Score: Technology 3; Utility 3; Business Model 3


Mobilizy is an Austrian-based privately funded startup best-known for their Wikitude World Browser and recently launched Augmented Navigation, which I find terribly dangerous to use and not very useful (for example, you are unable to see the map beyond your vision). They, along with Layar, are getting a lot of traction in the blogosphere. Their applications, although interesting, are simple mash ups of GPS and content and are not very differentiated from Layar. Their business model is primarily based on advertising, although in the future they can license their augmented navigation to GPS providers.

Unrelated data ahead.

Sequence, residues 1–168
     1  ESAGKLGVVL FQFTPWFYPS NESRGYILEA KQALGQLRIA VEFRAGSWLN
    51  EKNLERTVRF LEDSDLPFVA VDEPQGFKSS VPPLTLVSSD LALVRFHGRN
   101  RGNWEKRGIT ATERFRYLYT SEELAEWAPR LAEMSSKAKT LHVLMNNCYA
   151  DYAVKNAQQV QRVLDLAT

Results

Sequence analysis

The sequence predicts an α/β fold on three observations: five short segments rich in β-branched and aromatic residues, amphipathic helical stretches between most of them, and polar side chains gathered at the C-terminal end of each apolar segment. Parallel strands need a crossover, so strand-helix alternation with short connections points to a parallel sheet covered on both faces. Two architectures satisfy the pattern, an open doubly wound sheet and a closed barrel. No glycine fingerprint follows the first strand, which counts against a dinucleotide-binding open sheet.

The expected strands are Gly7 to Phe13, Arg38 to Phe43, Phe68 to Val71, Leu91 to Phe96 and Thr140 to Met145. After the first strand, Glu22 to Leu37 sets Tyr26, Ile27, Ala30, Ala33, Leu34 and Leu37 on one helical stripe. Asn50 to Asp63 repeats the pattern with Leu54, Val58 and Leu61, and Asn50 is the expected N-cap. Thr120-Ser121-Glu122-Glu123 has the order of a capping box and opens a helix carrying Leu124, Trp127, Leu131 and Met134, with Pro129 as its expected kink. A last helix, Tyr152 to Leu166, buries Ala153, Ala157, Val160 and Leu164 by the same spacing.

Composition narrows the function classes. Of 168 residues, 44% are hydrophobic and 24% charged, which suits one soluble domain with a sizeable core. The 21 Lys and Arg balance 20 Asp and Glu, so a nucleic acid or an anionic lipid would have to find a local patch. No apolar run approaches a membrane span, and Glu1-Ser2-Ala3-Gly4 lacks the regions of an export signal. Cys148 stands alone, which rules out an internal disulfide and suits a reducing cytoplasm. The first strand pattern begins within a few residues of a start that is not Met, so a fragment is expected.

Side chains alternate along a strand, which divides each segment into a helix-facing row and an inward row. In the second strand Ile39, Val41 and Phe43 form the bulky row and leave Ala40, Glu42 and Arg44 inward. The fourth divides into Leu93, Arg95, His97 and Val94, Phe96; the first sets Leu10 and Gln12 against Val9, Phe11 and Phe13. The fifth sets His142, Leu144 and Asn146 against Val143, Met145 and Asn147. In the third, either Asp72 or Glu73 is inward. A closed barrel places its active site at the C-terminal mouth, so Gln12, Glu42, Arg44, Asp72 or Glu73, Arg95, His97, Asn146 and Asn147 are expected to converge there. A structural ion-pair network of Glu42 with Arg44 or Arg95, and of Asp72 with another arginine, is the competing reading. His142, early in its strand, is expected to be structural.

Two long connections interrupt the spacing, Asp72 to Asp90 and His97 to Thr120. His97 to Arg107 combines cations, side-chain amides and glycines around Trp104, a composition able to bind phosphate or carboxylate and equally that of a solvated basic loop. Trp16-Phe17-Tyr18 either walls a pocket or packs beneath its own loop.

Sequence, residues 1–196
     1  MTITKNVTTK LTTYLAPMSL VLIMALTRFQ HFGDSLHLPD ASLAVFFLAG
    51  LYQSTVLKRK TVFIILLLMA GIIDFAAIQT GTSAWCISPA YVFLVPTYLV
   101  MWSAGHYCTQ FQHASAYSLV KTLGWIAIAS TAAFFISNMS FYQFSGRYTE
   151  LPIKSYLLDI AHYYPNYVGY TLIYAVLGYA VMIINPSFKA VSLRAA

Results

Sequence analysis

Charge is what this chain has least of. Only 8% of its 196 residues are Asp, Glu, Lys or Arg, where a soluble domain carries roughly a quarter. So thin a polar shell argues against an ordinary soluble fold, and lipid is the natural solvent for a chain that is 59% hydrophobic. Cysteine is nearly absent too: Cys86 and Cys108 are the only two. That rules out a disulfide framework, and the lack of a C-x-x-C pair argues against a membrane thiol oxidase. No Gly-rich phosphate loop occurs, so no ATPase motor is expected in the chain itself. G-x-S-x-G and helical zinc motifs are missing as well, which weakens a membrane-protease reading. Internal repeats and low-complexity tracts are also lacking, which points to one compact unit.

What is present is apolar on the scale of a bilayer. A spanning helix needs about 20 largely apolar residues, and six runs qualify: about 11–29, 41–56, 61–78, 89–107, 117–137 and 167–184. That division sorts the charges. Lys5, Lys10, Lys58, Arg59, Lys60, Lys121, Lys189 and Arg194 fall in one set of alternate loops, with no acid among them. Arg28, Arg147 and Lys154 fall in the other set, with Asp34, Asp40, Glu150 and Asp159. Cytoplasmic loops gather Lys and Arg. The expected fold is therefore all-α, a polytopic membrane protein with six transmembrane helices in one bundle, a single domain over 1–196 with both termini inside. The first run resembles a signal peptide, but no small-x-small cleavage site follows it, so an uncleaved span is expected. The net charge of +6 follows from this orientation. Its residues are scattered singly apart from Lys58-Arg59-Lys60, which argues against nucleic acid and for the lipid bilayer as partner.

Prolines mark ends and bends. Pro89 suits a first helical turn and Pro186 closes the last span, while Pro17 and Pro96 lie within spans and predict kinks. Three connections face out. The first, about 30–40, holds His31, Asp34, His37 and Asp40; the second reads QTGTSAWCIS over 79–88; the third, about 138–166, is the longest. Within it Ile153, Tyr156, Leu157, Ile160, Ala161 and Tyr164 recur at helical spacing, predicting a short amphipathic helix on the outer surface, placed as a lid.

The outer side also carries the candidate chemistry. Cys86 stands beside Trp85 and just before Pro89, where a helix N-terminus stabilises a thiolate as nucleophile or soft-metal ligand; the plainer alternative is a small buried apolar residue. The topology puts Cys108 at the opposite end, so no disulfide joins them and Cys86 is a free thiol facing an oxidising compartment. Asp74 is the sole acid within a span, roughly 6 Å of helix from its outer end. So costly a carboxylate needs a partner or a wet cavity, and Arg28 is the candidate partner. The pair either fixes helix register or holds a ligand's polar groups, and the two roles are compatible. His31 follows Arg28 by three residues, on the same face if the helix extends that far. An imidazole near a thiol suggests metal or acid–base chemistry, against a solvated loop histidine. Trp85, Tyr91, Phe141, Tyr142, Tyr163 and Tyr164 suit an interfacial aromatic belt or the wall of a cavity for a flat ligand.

Score: Technology 3; Utility 3; Business Model 3


Tonchidot, a Japan-based startup, has developed SeakiCamera — a social tagging application. They, too, are limited by the accuracy of GPS — for example, it’s one thing to tag a large building, and another to tag a small object. However, as technology improves, we will see more applications of such type.

Score: Technology 3; Utility 3; Business Model 3

(C) TIER 3

Acrossair, int13, and Ogmento have developed some interesting apps as well. However I think their technology, like that in Tier 2, is relatively simple, and their portfolio is limited. This puts them in a slightly lower position than those in the second tier.

I also interviewed Earthmine, although I think it would be incorrect to compare them with AR companies, as they position themselves as an AR enabler and collect 3D geospatial data for large cities.

Matthäus Krzykowski contributed to this article.